Chee Lu was a 26 year-old medical graduate travelling to Shanghai for two week's holiday.
He had fifteen hairs on his chin, and two thin wisps of hair either side of each nostril.
He told me that the Chinese also had to pay for hard-sleepers in FEC, although foreigners pay a 75% higher rate. He had connections in Canton to get his ticket, but as there are no return tickets in China, he would have to queue like everyone else in Shanghai.
He was taught English by a 58 year-old spinster from Edinburgh. He liked the England portrayed in Pride and Prejudice and the work of Charlotte Bronte. He also admired Winston Churchill and read about the Second World War. He was glad that China was opening up, and studied Japanese as the relations between their countries improved.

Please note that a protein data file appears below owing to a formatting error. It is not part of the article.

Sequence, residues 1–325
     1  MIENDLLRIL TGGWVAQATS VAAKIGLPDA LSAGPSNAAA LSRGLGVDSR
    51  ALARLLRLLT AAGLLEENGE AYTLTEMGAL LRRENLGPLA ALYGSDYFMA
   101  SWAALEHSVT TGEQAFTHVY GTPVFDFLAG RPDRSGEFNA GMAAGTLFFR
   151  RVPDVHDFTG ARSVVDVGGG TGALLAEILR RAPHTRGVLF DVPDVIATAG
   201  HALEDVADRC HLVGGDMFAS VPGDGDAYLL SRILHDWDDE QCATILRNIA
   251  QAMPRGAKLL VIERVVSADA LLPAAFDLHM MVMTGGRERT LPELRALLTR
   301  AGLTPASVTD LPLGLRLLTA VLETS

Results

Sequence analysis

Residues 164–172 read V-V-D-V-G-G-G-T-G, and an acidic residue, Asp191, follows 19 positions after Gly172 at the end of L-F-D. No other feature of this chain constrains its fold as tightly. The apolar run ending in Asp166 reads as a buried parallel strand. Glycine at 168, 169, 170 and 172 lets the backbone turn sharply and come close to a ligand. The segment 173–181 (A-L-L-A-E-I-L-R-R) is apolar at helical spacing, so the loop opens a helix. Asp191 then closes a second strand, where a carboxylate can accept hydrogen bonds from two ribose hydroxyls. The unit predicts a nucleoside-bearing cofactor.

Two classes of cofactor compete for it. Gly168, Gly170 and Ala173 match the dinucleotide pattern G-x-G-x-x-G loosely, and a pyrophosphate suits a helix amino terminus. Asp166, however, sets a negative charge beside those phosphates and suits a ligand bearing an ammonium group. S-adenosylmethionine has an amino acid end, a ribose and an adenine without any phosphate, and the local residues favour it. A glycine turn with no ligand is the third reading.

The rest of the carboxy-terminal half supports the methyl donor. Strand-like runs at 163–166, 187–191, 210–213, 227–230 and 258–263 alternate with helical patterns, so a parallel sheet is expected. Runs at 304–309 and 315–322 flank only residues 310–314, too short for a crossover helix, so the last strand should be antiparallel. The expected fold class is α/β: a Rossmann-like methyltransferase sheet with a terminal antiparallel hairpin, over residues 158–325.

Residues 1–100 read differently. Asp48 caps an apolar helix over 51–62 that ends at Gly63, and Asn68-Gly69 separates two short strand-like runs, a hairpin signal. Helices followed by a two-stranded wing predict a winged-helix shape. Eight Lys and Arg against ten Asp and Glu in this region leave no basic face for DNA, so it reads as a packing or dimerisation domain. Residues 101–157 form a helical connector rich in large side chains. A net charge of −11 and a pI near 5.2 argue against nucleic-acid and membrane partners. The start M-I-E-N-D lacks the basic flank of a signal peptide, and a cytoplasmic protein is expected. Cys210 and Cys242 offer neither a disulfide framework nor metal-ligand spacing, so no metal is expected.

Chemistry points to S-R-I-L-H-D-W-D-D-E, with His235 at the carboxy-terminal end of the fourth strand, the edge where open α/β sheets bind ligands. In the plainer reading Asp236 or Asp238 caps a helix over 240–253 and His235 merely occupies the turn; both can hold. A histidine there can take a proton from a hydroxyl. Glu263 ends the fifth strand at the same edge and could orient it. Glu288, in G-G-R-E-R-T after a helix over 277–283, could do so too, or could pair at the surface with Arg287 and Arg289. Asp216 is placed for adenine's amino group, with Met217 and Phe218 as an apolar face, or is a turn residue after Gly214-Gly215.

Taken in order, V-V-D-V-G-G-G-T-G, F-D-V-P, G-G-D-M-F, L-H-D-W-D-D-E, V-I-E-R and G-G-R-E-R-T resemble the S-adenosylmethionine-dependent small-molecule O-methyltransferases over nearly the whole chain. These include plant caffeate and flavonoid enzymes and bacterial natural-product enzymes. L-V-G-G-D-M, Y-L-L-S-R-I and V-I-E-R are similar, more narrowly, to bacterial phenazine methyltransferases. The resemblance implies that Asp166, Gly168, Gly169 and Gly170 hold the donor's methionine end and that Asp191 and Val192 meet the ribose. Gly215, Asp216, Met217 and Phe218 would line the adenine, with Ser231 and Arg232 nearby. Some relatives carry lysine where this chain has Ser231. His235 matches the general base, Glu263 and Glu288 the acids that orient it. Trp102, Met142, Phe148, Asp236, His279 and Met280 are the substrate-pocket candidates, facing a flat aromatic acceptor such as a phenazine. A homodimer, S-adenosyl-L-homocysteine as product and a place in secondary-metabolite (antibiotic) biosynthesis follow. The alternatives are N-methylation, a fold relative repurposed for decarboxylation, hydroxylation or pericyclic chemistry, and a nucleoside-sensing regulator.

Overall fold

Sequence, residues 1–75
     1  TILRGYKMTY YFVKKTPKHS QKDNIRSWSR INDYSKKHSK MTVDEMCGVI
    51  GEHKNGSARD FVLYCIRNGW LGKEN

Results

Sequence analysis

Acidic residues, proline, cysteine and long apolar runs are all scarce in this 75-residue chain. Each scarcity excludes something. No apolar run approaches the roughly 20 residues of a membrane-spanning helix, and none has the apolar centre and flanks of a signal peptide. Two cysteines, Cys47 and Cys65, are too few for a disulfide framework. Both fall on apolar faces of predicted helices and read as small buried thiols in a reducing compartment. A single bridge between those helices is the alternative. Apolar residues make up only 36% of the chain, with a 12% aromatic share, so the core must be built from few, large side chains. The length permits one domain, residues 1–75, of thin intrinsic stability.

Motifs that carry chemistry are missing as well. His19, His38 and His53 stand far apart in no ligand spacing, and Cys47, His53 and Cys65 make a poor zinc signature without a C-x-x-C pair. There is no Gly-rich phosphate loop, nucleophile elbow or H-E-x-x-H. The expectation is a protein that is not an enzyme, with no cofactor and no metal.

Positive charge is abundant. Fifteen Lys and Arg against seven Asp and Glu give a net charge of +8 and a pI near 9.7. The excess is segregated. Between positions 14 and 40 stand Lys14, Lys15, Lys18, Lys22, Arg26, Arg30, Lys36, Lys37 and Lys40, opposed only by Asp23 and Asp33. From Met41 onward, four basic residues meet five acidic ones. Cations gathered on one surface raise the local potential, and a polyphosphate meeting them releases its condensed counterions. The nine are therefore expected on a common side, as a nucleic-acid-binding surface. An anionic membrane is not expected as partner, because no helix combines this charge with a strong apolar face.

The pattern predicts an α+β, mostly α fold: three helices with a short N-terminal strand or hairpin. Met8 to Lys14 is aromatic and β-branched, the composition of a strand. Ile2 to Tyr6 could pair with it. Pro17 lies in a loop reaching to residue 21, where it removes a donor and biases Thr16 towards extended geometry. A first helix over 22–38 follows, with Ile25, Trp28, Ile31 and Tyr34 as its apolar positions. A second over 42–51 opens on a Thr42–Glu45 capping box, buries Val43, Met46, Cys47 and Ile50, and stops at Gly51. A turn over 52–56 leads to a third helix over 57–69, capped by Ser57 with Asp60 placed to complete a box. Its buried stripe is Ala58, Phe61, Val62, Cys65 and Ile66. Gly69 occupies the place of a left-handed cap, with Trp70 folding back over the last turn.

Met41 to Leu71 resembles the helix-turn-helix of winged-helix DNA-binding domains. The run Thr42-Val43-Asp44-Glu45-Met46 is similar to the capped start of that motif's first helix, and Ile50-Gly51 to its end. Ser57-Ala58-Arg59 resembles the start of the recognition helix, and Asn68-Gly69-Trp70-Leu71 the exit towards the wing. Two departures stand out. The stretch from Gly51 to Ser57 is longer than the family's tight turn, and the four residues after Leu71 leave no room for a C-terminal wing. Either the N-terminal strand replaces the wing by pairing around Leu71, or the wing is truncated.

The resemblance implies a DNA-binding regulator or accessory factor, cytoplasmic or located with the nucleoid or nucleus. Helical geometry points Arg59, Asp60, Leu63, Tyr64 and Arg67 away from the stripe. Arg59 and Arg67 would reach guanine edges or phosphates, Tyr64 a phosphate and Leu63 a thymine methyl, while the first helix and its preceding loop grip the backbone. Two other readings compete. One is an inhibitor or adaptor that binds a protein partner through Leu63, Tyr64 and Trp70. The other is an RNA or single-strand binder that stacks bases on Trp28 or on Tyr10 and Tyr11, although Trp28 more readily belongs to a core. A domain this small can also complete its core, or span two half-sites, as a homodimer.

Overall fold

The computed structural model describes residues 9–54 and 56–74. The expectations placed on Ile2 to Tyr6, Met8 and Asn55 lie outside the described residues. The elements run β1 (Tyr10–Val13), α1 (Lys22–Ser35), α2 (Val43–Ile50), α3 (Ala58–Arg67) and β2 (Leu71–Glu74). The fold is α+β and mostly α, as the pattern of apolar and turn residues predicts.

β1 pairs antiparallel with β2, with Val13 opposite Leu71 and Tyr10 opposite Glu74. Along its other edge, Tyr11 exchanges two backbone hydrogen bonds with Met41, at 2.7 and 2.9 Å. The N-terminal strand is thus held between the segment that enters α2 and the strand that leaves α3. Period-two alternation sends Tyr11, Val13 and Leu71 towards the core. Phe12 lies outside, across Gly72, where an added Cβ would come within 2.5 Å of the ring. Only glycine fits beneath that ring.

"Chairman Mao had made some mistakes. Now we must look forward to the future, but I am afraid that with Westernisation come problems of crime. And with the easy movement now it is hard to trace the offenders. I am also afraid the die-vorce rate will increase."
He had been married a year and was still very much in love, and didn't want that to change. He wanted to get a passport and study abroad, probably in Japan or New Zealand; to give his family a better life.
He read back copies of Time and novels that his friends brought back from the West. New books cost too much for him, but there was a good exchange of second-hand literature. His monthly wage was 400 Yuan (at an exchangeable rate of 200 FEC that would be about �33).